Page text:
The 6 C’s: A Pyramid Approach to Fitness and Change

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Staying fit and healthy is a commitment. For you, and your pet. Fitness and health is achieved not by going to the gym for the 2 weeks after New Years, nor by an occasional bout of exercise every few weeks or months. Attaining fitness, and all of the wonderful benefits that come with it, require a change in the way we think about exercise and the way we incorporate it into our daily routines.

Having exercised and been involved in the fitness community for the better part of 3 decades, I have drawn some inferences from observing people who have been fit for many years.   There are some common themes that present across my ‘sample set’ of people and I have come up with a concept, named the 6 C’s Pyramid, which encapsulates my observations.  The 6 C’s Pyramid can help you and your pet get and remain fit and lead to positive change.

 

Introducing the 6 C’s Pyramid Approach to Fitness and Change

The 6 C’s Pyramid depicts the relationship between behavior fundamentals that lead to regular exercise which in turn lead to the ultimate goal of any fitness program: positive change.  The picture below shows the hierarchy of each of the 6 C’s. 6 C's Pyramid

 

The 6 C’s In Brief

Bottom Level

The first level of the pyramid is the key to building a fitness lifestyle.  These factors are the foundation that leads to lifestyle changes.Depositphotos_13983899_xs

  1. Convenience: Make your workouts convenient so that it is ‘easy’ to get them done each day. Convenience helps to eliminate a common excuse: “I don’t have time to workout”.  Driving 30 minutes to the gym is not convenient.  Putting on sneakers and doing hill repeats in your neighborhood is.
  2. Cross Train: Mixing up your workouts makes them more interesting, reduces injury risk, and keeps your body challenged.  In the context of the pyramid, cross training means adding different activities (e.g. running, weight training, yoga) as well as adding different workout protocols (e.g. speed work, timed weight training complexes ala Cross Fit).  Mix it up for a better balanced and an ever improving body.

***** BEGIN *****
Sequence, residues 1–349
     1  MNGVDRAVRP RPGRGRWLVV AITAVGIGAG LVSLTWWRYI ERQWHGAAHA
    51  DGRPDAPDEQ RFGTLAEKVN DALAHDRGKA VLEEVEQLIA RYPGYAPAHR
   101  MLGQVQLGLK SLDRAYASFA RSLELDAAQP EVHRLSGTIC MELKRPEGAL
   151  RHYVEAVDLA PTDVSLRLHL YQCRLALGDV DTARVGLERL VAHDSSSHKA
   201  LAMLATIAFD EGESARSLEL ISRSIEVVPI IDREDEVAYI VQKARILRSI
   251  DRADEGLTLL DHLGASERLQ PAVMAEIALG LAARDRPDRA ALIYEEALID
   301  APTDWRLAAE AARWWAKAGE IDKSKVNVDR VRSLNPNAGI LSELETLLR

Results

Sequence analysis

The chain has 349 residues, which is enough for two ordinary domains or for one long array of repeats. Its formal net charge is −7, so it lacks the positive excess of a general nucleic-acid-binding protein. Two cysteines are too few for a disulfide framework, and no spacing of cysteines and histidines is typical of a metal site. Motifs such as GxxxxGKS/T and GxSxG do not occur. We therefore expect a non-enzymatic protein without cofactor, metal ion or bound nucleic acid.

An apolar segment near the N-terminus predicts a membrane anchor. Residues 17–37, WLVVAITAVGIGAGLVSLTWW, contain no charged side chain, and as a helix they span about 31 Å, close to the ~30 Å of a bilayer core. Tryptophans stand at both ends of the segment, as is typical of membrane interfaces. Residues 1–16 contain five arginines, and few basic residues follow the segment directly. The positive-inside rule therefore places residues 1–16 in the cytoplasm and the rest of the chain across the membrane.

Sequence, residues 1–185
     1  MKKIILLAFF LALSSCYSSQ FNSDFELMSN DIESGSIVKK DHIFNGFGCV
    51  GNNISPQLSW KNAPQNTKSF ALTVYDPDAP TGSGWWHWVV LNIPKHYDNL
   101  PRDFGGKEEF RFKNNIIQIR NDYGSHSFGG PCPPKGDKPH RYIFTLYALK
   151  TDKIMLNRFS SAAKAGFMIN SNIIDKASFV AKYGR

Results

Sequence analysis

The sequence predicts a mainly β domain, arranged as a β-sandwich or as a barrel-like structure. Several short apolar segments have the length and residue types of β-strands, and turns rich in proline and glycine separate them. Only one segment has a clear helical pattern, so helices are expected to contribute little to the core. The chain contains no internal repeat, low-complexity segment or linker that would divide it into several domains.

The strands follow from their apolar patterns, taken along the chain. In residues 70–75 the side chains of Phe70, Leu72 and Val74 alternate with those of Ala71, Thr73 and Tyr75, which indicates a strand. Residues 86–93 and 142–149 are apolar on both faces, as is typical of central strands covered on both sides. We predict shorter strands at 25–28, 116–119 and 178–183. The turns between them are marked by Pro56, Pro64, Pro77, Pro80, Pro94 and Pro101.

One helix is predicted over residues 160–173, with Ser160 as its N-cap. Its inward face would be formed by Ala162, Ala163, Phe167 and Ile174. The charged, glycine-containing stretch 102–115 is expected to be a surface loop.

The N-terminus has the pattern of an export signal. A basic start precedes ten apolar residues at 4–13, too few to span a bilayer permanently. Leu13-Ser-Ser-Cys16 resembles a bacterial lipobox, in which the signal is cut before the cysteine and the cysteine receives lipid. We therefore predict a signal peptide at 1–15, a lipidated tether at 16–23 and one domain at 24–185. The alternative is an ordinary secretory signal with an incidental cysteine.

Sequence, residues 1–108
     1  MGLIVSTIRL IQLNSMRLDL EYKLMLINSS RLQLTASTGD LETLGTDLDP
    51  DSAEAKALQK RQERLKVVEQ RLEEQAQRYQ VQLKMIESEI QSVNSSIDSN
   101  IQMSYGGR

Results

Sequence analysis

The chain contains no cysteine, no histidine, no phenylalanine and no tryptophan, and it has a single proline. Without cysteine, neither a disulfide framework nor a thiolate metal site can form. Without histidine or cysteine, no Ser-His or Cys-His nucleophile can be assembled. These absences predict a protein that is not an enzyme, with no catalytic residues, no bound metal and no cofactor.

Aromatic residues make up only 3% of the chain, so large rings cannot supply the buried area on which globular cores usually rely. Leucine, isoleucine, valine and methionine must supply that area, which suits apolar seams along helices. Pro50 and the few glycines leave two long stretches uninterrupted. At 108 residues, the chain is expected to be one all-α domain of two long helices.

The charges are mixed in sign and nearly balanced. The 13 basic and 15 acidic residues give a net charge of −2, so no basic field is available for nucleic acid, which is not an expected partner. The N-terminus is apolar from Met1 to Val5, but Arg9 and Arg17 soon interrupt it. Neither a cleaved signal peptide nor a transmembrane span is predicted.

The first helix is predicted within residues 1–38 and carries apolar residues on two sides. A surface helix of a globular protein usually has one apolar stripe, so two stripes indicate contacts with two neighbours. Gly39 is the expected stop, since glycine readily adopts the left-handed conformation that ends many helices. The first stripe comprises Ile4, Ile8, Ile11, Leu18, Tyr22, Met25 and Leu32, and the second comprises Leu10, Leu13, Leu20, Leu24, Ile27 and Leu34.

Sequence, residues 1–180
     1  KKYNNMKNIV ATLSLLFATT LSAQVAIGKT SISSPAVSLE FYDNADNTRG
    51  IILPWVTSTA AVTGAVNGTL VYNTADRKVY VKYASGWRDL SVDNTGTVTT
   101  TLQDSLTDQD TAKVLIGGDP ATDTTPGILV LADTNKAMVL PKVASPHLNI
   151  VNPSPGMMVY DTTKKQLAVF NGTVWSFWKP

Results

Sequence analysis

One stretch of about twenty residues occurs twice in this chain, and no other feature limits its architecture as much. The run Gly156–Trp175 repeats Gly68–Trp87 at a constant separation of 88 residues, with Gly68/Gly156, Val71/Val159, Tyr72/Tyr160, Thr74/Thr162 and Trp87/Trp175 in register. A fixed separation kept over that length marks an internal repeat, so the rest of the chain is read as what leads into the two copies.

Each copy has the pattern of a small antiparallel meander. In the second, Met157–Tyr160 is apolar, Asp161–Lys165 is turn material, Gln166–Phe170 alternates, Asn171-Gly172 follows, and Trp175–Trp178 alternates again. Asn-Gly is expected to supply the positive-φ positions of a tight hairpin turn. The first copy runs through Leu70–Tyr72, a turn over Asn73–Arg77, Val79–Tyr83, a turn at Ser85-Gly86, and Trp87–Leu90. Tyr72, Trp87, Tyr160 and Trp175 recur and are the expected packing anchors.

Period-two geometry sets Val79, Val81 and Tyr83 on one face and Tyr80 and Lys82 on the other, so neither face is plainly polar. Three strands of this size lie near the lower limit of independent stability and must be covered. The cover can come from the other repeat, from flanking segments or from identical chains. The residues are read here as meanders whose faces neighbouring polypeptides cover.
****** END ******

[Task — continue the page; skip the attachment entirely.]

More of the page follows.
3. Common Sense: Use common sense when planning workouts for you and your dog.  If a specific exercise doesn’t feel right, don’t do it!  Even if everyone else does it or tells you how great it is.  If your dog has a specific orthopedic issue, adjust their program accordingly. Do you (or your dog) “like” certain exercises?  If so, common sense dictates that you utilize these as the foundations for your exercise program because if you enjoy your workouts you are more likely to persist with them.

 

Middle Level

Adhering to the ideas in Level 1 of the pyramid leads to the success factors in Level 2, consistency and capability, both of which lead to improved fitness and health.

  1. Consistency:  As mentioned in the introduction, consistent exercise is the key to becoming fit. Those who make exercise a regular part of their daily routine are those that become and remain fit.  What does it mean to be consistent?  That depends on the individual human and dog.  For some people, it means exercising every single day, injury or illness allowing.  For other people, it may mean squeezing in 3-4 workouts per week.  Use common sense to determine what works best.  For most dogs, daily exercise is preferred, even if it means fitting in shorter or lower intensity exercises (e.g. walks) in when you are short on time.   That said, if you are pressed for time, one way to build fitness is to do shorter but higher intensity workouts, which will burn a lot of calories per minute.  This is a proven technique to get the most fitness benefits out of the time you spend devoted to exercise.